[svlug] Firewall Tunnel v0.2

Kevin Kaichuan He hek at cisco.com
Sun Jun 17 09:54:01 PDT 2001


	Probably I got it wrong but my impression is
when you use "ssh -R" to forward a remote port to a local
port it wont work with a firewall which allows only outbound
connection requests. I said it because I've done two experirments
1) use ssh -R to forward a remote port on "colo box" to a  local
  port on "desktop", I can then connect to the remote port on the
  "colo box" and thus be forwarded to the local port on "desktop"
  without problem if there is no firewall between desktop and colo-box
2) repeat 1) except that there is a firewall between the desktop
  and colo-box, the connection reqeust to the remote port on the
  colo-box will stall in this case.
	I would be very glad to know if my experiement result
is incorrect. My guess about the reason of such result is: "ssh"
initiate a new connection from remote to local each time a connection
request arrives at the remote box and thus the new connection will
be blocked by the firewall. Again, i would be very glad to be
corrected since I'm just guessing how "ssh port forwarding" is
implemented.

thanks

kevin

On Thu, 14 Jun 2001, J C Lawrence wrote:
> > On Wed, 13 Jun 2001, J C Lawrence wrote:
> >> (desktop)<===>(firewall)<===>(Internet cloud)<===>(colo box)
> >>
> >> Where the "desktop" is the machine on my desk on the corporate
> >> LAN.  The "firewall" is the corporte firewall which allows at
> >> least one port through (eg port 80).  The "colo box" is some
> >> machine I have on
>
> > Ah..., here is a little a assumption that the "firewall"
> > allows at least one port through which is not always true and is
> > not required by my FT.
>
> No, I am assuming that the firewall allows at least one port from
> the __inside__ out to the public Internet.  A requirement you also
> have for FT.

> > The FT doesn't require the firewall to permit any connection req
> > from external to internal at any port. The trick it plays is: it
> > always use a connection from internal to external for
> > communication , no reverse connection kicks in the picture in any
> > time.
>
> Yup, you can do exactly this with SSH -- in either direction in fact
> (forwarding a local port to the remote box, or forwarding a remote
> port to the local box).
>
> > If there is a conn req arrives at the "colo box", it will be
> > tunnelled through a persistant connection (initiated from
> > "Desktop") to the Desktop and the Desktop will decap the conn req
> > and inject the conn req to the local ip stack, a simulated 3-way
> > tcp handshake will be played to "cheat" the server software on the
> > desktop to estabilish the connection,
>
> And precisely how is this different from an SSH -R?
>
> > As a result the FT can "tunnel" in any tcp conn req without the
> > firewall allowing any incoming connections.
>
> So can SSH.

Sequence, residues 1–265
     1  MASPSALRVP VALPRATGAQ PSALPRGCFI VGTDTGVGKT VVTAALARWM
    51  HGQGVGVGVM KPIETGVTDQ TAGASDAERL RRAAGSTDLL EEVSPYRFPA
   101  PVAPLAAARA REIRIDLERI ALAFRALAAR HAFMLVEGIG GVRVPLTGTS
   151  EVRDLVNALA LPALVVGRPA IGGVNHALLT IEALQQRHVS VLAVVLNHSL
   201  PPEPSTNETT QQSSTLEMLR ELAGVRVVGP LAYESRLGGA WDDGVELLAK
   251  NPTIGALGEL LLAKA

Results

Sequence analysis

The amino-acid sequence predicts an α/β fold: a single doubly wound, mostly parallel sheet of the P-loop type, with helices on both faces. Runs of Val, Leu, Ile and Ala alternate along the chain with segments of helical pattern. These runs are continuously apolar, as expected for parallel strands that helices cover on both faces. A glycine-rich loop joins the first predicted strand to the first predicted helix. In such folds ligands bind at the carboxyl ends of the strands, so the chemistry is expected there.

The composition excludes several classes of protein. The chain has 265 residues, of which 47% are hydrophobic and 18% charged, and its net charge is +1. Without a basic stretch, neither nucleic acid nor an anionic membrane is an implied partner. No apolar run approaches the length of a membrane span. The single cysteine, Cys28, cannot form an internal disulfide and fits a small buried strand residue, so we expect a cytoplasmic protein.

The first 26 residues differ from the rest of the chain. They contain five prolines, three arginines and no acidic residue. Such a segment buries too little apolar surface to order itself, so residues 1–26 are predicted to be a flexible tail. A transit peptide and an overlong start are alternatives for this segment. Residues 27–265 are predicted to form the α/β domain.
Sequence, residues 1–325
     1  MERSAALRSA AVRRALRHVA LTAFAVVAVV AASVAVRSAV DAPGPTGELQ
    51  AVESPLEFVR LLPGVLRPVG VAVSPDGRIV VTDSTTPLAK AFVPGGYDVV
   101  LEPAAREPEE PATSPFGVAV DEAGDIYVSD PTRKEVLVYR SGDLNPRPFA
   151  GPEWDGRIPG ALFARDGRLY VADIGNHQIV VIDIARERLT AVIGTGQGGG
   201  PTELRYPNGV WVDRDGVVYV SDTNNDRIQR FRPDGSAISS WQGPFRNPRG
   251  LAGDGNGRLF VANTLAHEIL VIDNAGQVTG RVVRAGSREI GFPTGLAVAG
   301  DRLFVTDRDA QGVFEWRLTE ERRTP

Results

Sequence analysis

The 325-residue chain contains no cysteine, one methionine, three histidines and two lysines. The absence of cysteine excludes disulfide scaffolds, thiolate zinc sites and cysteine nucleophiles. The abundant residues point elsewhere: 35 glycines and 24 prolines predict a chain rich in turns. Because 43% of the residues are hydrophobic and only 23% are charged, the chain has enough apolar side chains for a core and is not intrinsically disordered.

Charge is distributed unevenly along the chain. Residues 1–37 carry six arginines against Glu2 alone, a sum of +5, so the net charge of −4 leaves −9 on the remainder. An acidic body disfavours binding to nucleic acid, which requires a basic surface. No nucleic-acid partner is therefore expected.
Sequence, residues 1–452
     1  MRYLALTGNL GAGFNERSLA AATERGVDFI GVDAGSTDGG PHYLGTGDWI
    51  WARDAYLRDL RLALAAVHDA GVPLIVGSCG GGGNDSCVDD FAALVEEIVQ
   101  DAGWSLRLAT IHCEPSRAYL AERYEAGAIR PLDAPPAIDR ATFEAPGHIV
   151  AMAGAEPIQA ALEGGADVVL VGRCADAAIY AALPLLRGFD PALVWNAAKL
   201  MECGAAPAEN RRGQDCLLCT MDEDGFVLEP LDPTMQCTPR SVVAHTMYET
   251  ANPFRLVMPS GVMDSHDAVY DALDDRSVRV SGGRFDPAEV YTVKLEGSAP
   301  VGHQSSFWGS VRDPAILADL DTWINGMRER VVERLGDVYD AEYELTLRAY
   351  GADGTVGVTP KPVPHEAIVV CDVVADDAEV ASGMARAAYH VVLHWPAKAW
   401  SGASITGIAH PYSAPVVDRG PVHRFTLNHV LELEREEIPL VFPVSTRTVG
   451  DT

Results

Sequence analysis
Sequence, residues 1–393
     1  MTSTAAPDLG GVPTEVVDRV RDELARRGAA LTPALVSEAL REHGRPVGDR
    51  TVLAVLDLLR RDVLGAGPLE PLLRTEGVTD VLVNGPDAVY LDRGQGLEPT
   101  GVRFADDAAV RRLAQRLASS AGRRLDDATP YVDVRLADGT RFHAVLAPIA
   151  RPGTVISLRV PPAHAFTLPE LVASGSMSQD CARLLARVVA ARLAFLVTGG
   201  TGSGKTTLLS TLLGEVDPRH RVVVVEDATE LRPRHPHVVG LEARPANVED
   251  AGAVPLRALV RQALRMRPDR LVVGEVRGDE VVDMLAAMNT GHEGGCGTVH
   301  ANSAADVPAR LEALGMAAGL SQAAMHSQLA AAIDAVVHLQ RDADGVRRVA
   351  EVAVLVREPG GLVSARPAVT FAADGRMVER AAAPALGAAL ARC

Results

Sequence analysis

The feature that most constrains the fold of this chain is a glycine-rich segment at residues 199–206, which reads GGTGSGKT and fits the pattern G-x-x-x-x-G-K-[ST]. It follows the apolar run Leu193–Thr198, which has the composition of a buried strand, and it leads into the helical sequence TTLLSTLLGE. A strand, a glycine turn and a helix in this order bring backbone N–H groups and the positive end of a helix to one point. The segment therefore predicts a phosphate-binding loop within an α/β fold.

>
> >> Same deal.
>
> > Not exactly, as discussed above, the "SSH" solution has the
> > "one incoming port" requirement while FT requires no open port on
> > firewall.
>
> No, the SSH model requires nothing more of the firewall than it all
> an internal port to get out to the public 'net.  As literally every
> packet filtering firewall does precisely this on at least one port,
> you can always make it work.
>
> >> I'm not aware of anything that your "Firewall Tunnel" does that
> >> in general is as well accomplished by an SSH port forward.  The
> >> once
>
> > From functionality aspect, they serves the similar purpose
> > though FT is more versatile (e.g., FT doesnt need firewall to
> > allow any inbound conn req to any port to go through; FT can
> > tunnel arbitary # of services in the same time while the # of
> > service "ssh" can "forward" is confined by the # of ports that the
> > firewall permits (normally no more than one))
>
> No, under SSH I can forward any arbitrary number of ports on the
> colo box to the desktop, all intiated from by SSH sessions outbound
> >from the desktop to the colo box, all through the same port/hole in
> the firewall.  Works just fine.
>
> > From implementation point of view they are different: SSH does
> > port forwarding at layor 3 (IP) so it doesn't have any layor 4
> > knowledge while FT does the "tunnelling" at layor 4 (TCP) so it
> > has full knowledge of layor 4-7 information of the traffic. And FT
> > aggregates all the tunnelled connections into one single outbound
> > "pipe" as opposed that SSH create many inbound "pipes" on demand
>
> This cuts both ways.  TCP level gives you a bit more intelligence,
> but repvents you from tuneeling UDP and other IP based protocol.
> Uner SSH you can do things like tunnel PPP for a cheap VPN, etc.
>
> > (at the risk that they'll be dropped by the firewall, correct me
> > if I'm wrong)
>
> If you have a transparent proxying firewall that does packet payload
> inspection such that it realises that the outbound connections on
> port 80 (for instance) are not HTTP requests and therefore drops
> them (easy to setup and do), yes, the SSH model will break.  Then
> again, so will FT.
>
> --
> J C Lawrence                                       claw at kanga.nu
> ---------(*)                          http://www.kanga.nu/~claw/
> The pressure to survive and rhetoric may make strange bedfellows
>





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